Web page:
Managing Coral Predators
Coral predators are a natural part of a healthy coral reef ecosystem. However, excessive densities of some corallivores, such as crown-of-thorns starfish (Acanthaster planci) and coral-eating snails (mainly Drupella spp. and Coralliophila abbreviata) can result in dramatic and widespread declines in coral cover. Loss of corals can have serious implications for reef industries — especially tourism — and coral reef managers may wish to consider options for controlling coral predators.
A range of techniques is available for removing or preventing the spread of corallivores, but these techniques are generally only feasible for local scale controls. For this reason, control of coral predators is normally only attempted at smaller scales (a few hectares or less), such as around high-value tourism sites. Some control programs have focused on sites thought to be key source reefs for outbreaks of coral predators, with the aim of reducing impacts across the wider system. This page introduces techniques and issues relevant to control of crown-of-thorns starfish and Drupella snails. While sea urchins can sometimes damage reefs, they are also often important for controlling algae and maintaining a healthy coral reef ecosystem; therefore sea urchin management is covered in a separate page.
Crown-of-Thorns Starfish (COTS)
Populations of the crown-of-thorns starfish (COTS) periodically boom, resulting in severe outbreaks (or ‘plagues’) capable of killing coral over large areas. While COTS outbreaks are likely to have occurred historically on some reefs, there is strong evidence that they are occurring more frequently and causing more severe damage in recent decades. Overfishing of COTS predators (including the triton snail, titan triggerfish) is likely to be a contributing factor, but recent analyses ref have provided compelling evidence that excess nutrients, leading to changes in plankton productivity, are the major driver of increasing outbreak frequencies. This has important implications for coral reef managers, suggesting that the most important long-term strategy for reducing the risk of COTS outbreaks is likely to be reducing land-based sources of nutrients through improved watershed management.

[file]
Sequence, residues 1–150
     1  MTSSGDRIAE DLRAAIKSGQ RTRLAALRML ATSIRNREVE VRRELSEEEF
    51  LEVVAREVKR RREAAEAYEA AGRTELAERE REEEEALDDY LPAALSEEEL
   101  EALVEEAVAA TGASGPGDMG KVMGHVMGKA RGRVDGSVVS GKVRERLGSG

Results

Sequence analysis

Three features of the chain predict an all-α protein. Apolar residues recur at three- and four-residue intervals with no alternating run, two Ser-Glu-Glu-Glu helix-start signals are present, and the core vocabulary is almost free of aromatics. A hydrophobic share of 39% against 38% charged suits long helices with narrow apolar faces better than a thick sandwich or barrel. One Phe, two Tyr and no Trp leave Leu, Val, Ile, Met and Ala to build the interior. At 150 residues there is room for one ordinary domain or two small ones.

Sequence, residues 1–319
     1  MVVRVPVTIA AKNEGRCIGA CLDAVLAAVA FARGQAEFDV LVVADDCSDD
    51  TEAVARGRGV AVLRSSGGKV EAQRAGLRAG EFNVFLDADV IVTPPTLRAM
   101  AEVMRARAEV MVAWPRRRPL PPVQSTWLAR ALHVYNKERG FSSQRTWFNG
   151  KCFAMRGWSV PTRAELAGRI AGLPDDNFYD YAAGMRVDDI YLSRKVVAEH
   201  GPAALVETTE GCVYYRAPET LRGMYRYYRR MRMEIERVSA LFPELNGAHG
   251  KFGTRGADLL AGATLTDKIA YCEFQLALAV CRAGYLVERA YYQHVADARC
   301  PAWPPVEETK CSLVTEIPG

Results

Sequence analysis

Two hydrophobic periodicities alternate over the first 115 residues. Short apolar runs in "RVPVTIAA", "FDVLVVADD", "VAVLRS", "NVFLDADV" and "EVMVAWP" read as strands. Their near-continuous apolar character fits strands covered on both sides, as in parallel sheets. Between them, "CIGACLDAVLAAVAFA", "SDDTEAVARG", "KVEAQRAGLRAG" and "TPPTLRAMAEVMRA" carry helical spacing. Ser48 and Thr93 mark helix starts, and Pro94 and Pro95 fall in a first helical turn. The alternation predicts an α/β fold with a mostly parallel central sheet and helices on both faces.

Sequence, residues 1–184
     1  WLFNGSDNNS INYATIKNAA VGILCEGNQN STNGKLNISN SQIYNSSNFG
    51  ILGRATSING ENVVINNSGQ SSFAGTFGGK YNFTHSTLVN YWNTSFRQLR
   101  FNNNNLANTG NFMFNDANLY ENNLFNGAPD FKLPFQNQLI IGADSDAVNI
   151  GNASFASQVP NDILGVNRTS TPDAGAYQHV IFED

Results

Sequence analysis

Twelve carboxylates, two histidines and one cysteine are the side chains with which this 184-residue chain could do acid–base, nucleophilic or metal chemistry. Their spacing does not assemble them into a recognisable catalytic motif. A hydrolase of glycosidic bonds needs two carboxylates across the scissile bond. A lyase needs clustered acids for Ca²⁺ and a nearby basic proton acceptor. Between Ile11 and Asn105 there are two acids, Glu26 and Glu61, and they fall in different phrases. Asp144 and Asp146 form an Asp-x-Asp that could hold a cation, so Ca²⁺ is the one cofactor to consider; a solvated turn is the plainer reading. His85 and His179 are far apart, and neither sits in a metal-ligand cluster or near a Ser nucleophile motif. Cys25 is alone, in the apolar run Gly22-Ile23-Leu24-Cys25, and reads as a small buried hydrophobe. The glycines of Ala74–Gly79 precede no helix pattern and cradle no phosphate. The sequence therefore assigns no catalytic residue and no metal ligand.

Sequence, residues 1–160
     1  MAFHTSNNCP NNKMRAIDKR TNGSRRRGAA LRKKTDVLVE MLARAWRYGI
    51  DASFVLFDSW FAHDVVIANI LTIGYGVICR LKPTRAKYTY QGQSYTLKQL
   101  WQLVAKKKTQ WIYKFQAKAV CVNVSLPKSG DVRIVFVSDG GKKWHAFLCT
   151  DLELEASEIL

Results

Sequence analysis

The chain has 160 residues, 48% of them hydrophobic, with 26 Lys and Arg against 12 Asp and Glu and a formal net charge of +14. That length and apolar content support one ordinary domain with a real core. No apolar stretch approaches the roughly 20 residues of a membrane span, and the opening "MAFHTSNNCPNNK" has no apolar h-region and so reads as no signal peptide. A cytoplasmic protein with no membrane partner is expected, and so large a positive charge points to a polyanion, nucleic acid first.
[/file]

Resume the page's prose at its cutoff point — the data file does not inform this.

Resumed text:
While watershed management might be the most important long-term strategy, the ecological and economic impacts of major COTS outbreaks have motivated coral reef managers and the reef tourism sector to develop and test methods for control of COTS during outbreaks. The following methods are effective at killing, removing, or preventing spread of COTS, although they have generally proven worthwhile only for protecting small areas (less than 4 hectares) of reef:
- Injection — Injecting bile salts or sodium bisulfate kills COTS within a few days and is non-toxic to other marine life. The single-shot method using bile salts is the most efficient technique, taking just a few seconds to inject each starfish. Rates of treatment of 5-6 starfish per minute using single injections of bile salts have been recorded compared to just one starfish per minute with sodium bisulfate. ref